NBA Trade Deadline 2011: Can the Boston Celtics Win without Kendrick Perkins?

Chaz SuretteCorrespondent IFebruary 24, 2011

BOSTON, MA - FEBRUARY 06:  Kendrick Perkins #43 and Kevin Garnett #5 of the Boston Celtics fight for the rebound with Dwight Howard #12 of the Orlando Magic on February 6, 2011 at the TD Garden in Boston, Massachusetts. The Celtics defeated the Magic 91-80. NOTE TO USER: User expressly acknowledges and agrees that, by downloading and/or using this Photograph, User is consenting to the terms and conditions of the Getty Images License Agreement.  (Photo by Elsa/Getty Images)
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It was the Trade Heard 'Round New England.

By the time the clock struck 3:00 p.m. on Thursday, the Celtics had traded center Kendrick Perkins and guard Nate Robinson to the Oklahoma City Thunder for forward Jeff Green and center Nenad Krstic.

Perkins was averaging 7.3 points per game and 8.1 rebounds per game this season after returning on Jan. 25 from a knee injury that sidelined him during Game 7 of the 2010 NBA Finals and a large portion of the 2010-11 season. Robinson was averaging 7.1 points per game this season.

Jeff Green, a 6'9", 235 lb. big man, currently in his fourth season, is averaging 15.6 points per game and 5.3 rebounds per game this season, while Krstic, a 7'0", 240 lb. center, is averaging 7.6 points per game and 4.4 rebounds per game this season.

I'm personally not that worried that Boston is losing Nate Robinson; he provides a small scoring boost, and he's certainly entertaining and a cheerleader for the team, but he's still an inconsistent gunslinger who would prefer to shoot threes all game than run the offense in a Rondo-esque way. The Celtics are shooting pretty well around, with Ray Allen and Paul Pierce providing most of the outside shooting, while Kevin Garnett and Glen Davis have been holding down the interior. The bench and Rondo do the rest.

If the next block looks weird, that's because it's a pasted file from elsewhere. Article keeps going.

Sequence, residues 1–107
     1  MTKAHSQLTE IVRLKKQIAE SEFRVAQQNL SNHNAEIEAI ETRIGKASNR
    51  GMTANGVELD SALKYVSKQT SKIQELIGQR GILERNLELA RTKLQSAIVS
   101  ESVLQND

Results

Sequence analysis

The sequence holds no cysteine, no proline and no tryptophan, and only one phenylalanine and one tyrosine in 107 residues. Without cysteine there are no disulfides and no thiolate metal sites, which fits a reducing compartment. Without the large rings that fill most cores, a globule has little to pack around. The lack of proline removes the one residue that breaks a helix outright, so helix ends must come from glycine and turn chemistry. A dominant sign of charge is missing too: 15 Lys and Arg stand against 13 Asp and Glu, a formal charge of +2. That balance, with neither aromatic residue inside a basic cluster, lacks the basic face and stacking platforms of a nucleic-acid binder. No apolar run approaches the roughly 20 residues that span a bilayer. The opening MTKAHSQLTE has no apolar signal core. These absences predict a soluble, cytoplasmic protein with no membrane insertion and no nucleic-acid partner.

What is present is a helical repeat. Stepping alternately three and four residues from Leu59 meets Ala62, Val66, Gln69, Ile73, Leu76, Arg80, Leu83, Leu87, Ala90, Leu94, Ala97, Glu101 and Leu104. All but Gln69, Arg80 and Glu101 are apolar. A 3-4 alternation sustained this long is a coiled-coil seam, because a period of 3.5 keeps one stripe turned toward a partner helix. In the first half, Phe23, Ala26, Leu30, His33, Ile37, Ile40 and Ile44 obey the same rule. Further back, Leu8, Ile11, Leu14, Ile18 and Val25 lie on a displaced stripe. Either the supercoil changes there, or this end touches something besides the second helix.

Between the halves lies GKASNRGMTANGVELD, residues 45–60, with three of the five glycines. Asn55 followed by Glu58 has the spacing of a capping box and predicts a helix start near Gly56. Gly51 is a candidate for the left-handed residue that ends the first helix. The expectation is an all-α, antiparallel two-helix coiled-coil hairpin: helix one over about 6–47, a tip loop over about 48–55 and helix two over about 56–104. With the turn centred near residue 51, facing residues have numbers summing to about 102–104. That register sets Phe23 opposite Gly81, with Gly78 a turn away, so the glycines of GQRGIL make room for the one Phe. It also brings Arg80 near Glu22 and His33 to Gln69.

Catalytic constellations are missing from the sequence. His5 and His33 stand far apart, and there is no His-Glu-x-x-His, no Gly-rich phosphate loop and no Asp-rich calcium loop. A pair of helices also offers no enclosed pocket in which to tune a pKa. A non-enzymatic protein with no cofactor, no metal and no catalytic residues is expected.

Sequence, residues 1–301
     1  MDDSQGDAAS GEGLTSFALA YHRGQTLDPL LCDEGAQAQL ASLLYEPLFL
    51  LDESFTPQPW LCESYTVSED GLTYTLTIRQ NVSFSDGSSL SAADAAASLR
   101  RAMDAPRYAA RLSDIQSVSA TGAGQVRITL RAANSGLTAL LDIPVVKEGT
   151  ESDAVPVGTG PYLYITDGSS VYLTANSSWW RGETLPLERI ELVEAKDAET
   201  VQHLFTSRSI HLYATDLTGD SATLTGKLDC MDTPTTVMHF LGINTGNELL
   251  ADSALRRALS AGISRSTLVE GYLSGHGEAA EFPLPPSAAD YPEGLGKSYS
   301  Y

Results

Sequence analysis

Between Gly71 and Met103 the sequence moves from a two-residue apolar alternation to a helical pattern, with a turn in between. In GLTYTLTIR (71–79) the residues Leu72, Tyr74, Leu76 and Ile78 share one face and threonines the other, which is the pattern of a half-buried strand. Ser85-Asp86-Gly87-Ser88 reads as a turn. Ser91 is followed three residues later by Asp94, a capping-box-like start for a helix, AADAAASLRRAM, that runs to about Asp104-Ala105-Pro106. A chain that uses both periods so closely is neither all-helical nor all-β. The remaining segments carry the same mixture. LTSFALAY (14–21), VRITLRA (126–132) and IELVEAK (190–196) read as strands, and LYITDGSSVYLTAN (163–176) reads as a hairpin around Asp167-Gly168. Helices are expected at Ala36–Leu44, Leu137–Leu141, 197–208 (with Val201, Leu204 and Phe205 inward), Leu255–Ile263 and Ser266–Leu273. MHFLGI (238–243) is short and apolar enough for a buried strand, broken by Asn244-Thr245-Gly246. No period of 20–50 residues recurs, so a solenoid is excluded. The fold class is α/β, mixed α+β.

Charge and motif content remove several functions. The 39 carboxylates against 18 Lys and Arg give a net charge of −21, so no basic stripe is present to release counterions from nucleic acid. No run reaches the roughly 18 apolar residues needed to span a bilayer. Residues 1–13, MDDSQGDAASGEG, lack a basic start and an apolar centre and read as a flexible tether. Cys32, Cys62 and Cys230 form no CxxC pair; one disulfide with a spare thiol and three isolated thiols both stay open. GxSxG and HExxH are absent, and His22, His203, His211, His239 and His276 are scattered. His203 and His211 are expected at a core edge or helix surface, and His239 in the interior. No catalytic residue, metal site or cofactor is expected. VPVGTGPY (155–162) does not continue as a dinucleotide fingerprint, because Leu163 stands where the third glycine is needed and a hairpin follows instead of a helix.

It's the loss of Perk I'm worried about.

Sure, Boston picks up two new bodies, and it's obvious that Jeff Green is a fairly good scorer, despite being the third option behind Kevin Durant and Russell Westbrook in Oklahoma City. And the fact that the Celtics gain another healthy big in this deal is a plus.

But what do the Celtics lose?

Kendrick Perkins was a huge interior presence. He wasn't the biggest scorer, but he was physical in the paint, was an excellent defender and he grabbed quite a few rebounds. He did an awesome job bothering defenders, and despite being undersized at center compared to the likes of Dwight Howard, he presented challenges to bigs around the league, especially against Andrew Bynum and the Lakers frontcourt, and alongside KG and Big Baby, they've easily outplayed opponents in the Eastern Conference.

I'm really skeptical of this trade. The Celtics lose a huge body in the post at a time when Perk was finally healthy and ready to compete. They gain another scorer in Jeff Green, and he's a power forward who can play alongside KG and Big Baby, but he's not necessarily physical or a rebounder like Perk is. That and the Celtics pick up what is another Semih Erden (who, along with Luke Harangody, got dealt to the Cleveland Cavaliers for a second-round draft pick) in Nenad Krstic, a lanky seven-footer who may very well perpetuate the "soft European" stereotype.

I think the Celtics got the dead end of the hardwood on this one. I'm not entirely sure what Danny Ainge has in mind with this one. Maybe this will all work out. But then again, it may not. And rest assured, I remain skeptical.